How to Remove Carpet Stains

Red juice spill on a carpet

Tammy Bryngelson / E+ / Getty Images

The best time to treat a stain is as soon as possible before it has a chance to soak into the carpet. Of course, sometimes this isn't possible—perhaps you arrive home and find that your pet had an accident while you were out, or you discover a spill long after the party guests have left. Don't be dismayed; while it may be a bit more difficult to treat a stain that is not fresh, it is still possible to remove it.

What You Will Need:

  • White towels and paper towels
  • 1/4 cup plus 1 cup lukewarm water
  • Clear dishwashing liquid (the type used to wash dishes by hand)
  • 1/4 cup cool water


First, scoop off any solid matter left on the carpet from the spill (food, pet accident, vomit, etc.). Then, using a plain white towel or paper towels, blot up as much of the stain as you can. Place the towel on the stain and put pressure on it to absorb the spill. When the towel is saturated, move to a clean spot on the towel and blot again. Repeat this process until there is no more transfer of the stain to the towel (i.e., when you can no longer see any trace of the stain on the towel).


Before applying a cleaning solution, try first pouring a small amount (depending on the size of your stain, but likely no more than 1/4 cup) of lukewarm water on the area. This will help to release some of the spill, especially if it has been sitting for a while; it could even be all that is required, depending on the nature of the spill and the type of fiber. Blot this water up using a white towel or paper towel until there is no more transfer to the towel. If the stain remains on the carpet, proceed as below.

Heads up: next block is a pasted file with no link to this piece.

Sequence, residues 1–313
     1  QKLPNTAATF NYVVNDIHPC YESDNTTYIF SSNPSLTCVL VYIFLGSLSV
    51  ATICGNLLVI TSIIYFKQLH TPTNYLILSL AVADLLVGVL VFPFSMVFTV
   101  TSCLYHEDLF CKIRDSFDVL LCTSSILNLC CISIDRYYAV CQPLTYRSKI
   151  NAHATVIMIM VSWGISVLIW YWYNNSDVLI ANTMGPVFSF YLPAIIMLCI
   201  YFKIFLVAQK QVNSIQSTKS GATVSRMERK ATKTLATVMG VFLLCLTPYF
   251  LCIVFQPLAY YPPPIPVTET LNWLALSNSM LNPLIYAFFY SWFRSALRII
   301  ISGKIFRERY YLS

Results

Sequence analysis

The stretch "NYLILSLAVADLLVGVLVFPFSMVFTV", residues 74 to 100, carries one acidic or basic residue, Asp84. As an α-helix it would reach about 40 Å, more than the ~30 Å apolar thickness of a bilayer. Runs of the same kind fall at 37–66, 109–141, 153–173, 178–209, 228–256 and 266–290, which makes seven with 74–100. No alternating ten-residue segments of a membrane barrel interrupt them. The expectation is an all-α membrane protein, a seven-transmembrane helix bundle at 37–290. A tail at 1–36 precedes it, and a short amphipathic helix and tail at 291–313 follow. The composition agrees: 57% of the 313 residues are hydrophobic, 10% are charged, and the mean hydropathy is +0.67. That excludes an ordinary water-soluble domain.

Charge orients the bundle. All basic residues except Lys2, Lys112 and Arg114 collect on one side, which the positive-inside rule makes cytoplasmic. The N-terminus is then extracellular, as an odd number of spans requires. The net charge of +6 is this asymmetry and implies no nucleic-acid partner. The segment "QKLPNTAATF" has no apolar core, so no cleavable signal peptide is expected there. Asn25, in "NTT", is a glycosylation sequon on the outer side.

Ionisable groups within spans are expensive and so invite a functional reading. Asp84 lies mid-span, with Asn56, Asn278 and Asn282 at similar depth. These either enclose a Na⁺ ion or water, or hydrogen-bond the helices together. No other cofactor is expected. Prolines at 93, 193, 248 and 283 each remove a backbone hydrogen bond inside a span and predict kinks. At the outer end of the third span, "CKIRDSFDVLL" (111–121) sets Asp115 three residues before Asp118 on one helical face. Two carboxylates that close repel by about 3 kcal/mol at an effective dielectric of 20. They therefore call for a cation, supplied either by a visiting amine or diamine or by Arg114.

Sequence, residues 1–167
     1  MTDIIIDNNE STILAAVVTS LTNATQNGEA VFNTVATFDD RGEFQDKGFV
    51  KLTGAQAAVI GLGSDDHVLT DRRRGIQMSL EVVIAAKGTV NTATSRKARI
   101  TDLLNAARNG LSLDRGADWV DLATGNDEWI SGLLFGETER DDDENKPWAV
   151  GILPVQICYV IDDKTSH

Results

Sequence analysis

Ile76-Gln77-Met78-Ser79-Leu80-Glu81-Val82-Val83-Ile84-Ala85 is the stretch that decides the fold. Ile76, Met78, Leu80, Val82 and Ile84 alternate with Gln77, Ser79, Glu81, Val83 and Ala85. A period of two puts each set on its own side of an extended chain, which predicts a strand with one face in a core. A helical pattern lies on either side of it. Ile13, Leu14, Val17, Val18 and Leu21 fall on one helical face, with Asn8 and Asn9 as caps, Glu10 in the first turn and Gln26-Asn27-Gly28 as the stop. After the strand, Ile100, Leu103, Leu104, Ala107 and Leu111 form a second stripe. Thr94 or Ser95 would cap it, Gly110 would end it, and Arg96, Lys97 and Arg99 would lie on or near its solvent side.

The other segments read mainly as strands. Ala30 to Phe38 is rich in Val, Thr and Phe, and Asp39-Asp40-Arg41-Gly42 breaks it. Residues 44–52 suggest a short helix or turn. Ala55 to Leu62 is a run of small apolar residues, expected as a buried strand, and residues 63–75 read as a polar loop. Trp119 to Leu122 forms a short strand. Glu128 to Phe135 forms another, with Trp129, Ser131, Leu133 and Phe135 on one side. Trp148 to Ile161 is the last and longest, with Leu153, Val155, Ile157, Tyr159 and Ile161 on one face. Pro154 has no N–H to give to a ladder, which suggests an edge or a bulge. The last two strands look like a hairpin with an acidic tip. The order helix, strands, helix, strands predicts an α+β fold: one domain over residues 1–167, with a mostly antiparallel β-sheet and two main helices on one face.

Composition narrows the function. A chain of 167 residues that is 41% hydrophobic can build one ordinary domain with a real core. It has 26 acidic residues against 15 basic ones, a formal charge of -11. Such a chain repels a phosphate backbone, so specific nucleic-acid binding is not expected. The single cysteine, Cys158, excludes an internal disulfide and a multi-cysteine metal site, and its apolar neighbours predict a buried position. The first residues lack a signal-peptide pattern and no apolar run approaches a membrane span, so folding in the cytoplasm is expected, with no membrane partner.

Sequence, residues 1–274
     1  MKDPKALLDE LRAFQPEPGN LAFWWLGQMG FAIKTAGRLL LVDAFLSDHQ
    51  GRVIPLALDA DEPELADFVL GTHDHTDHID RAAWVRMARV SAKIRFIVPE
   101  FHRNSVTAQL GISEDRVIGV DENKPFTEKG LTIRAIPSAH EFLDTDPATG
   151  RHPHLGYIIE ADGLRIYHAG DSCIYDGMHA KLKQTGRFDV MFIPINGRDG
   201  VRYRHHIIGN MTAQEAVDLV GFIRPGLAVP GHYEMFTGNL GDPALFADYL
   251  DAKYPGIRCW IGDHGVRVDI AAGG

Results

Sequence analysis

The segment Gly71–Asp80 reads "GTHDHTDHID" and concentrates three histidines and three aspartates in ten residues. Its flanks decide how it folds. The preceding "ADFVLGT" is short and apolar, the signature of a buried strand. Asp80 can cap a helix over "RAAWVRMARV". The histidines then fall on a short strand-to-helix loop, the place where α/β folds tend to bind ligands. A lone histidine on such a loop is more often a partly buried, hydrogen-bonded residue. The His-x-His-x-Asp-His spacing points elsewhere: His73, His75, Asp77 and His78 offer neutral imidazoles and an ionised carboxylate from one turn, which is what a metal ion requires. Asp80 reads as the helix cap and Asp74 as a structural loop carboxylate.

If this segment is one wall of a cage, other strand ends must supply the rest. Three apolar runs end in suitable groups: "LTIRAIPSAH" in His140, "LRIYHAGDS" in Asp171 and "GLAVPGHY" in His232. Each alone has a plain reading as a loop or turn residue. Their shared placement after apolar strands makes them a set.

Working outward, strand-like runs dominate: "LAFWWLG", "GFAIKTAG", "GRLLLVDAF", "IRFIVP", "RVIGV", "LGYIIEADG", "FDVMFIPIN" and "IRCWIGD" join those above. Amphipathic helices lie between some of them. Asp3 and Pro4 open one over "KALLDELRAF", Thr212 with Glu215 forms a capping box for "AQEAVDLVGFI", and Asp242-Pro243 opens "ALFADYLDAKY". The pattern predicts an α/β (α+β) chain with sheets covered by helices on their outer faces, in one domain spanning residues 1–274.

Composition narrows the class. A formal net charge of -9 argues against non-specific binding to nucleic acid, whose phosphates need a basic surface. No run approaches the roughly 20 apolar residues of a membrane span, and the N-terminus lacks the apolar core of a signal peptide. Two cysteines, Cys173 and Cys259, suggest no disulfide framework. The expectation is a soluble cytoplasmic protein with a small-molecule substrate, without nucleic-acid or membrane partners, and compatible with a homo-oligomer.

Mix one cup of lukewarm water with 2-3 drops of clear dishwashing liquid. Do not add more dish soap than this! Adding too much will result in a residue left behind on your carpet. Tip the bottle of dish soap and squeeze very gently until a single drop comes out; repeat once or twice only.

It is very important that you use a clear liquid soap; any color additives could potentially stain the carpet. Clear Dawn is a good option, but you can use any brand, so long as it is colorless.


Dip a clean white towel or paper towel into the water/soap mixture, and gently blot at the stain with it. Start at the outside of the spot and work towards the center, to prevent spreading the stain.

Dab at the stain using gentle pressure, but do not scrub. While it may be tempting to scour the carpet, this will seriously damage your carpet. Scrubbing will cause the fibers of the carpet to untwist. In both looped and cut pile carpets, this will create a fuzzy, worn out appearance, which will leave your carpet looking worse than it did with the stain. For this reason, do not use a scrub brush or toothbrush to clean your carpet.

Continue to rub the spot with the towel carefully. If you are finding that you are unable to reach the deepest part of the carpet, then use your fingers to gently agitate the fibers and coat them in the cleaning solution.

Blot Again

When you have finished treating the spot, use a dry white towel or paper towels to blot up as much of the cleaning solution as possible (follow the above instructions for blotting again).

Rinse Again

Finish off your treatment by pouring some cool plain water on the spot to rinse off any soap left behind (approximately 1/4 cup). Again, blot up this water until the carpet is just about dry.

If the stain reappears, it may have soaked further into the carpet backing or underpaid, and caused wicking. Repeat cleaning procedure as necessary.

Spot Treatment Products

Sometimes, despite our best efforts, a stronger carpet cleaning product is needed to remove the stain fully. There are many spot treatment products available on the market. Check out these reviews of the following brands, and see which one will work best for you.